Lisa and I continue to reimagine the Oscar history, one year at a time. Today, we look at 1917. The U.S. enters World War I, the Pickfords take over Hollywood, and, for the first time, the entire membership of the Academy gets to vote.
On March 4th, 1917, President Woodrow Wilson took the oath of office and began his second term of President. Just a few months earlier, he had run for reelection on a platform of maintaining American neutrality in the war that was ravaging Europe. His slogan was “He Kept Us Out Of War,” and it was enough to allow him to survive one of the closest elections in U.S. History.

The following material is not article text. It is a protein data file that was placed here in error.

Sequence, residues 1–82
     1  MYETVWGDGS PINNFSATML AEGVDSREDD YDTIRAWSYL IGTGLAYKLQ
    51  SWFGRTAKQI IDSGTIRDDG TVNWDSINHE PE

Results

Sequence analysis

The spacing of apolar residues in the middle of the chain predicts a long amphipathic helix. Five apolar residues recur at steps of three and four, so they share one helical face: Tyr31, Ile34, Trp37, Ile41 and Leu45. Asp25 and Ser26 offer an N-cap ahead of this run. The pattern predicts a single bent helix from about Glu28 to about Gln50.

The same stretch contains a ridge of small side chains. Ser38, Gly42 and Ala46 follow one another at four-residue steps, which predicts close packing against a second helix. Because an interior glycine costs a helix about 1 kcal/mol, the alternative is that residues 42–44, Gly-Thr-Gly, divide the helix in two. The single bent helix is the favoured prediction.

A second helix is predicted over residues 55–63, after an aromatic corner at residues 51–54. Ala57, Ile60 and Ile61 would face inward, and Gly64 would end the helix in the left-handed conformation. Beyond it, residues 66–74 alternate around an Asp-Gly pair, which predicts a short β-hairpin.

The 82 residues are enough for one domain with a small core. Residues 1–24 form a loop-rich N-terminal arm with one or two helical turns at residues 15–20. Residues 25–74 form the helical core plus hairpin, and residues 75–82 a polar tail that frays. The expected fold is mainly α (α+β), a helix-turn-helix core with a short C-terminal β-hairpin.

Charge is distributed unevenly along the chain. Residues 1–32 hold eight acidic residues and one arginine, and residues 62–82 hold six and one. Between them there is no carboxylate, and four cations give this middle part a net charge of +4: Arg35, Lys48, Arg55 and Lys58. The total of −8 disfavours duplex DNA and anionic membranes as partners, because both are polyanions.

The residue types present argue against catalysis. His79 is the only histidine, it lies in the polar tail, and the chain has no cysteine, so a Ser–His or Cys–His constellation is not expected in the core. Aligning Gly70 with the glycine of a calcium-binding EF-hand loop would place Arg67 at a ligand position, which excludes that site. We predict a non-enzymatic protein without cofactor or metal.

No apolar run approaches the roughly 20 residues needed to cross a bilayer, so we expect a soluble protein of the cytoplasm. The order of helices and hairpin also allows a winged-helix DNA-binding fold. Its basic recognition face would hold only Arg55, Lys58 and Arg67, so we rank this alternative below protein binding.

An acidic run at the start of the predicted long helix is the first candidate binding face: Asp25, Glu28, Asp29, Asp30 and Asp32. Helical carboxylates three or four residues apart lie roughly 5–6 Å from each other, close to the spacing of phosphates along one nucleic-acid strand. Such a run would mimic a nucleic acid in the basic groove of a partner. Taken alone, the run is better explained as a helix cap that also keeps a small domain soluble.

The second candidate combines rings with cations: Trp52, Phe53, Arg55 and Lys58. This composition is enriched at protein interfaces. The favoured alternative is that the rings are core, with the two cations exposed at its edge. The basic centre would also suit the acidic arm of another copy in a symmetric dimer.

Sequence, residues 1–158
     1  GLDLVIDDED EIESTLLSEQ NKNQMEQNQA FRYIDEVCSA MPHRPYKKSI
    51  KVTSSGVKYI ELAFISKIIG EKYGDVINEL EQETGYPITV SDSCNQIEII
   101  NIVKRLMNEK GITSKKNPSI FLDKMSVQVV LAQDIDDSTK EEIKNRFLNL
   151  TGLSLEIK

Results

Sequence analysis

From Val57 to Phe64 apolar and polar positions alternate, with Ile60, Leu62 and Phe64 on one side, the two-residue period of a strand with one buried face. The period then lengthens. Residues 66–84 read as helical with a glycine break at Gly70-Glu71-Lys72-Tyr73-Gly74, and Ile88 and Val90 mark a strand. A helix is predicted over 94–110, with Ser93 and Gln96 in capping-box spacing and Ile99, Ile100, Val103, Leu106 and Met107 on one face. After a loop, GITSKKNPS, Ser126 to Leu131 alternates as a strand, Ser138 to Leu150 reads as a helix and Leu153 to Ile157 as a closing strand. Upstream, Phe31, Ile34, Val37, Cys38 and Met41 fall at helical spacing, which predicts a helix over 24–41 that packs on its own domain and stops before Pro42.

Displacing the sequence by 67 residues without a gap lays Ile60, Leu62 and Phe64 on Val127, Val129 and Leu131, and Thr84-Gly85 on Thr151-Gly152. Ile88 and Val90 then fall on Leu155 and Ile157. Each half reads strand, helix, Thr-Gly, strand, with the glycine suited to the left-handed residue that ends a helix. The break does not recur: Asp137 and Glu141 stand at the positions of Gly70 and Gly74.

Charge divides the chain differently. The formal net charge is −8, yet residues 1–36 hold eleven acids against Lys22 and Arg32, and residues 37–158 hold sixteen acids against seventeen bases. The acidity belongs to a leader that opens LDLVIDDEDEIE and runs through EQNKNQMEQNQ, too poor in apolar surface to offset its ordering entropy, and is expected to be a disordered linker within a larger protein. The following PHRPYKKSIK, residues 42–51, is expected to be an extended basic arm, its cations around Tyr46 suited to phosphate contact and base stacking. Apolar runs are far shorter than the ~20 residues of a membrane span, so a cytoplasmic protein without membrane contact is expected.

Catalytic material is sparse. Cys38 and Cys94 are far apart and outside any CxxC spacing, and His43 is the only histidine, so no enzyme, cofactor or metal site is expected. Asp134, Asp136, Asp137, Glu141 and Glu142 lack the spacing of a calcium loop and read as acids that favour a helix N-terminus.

Whereas the previous year had been dominated by films, like the Award-winning Civilization, that promoted neutrality and world peace, 1917 saw the release of several films that were designed to support the American war effort. The pacifism of Civilization was forgotten as the box office embraced…
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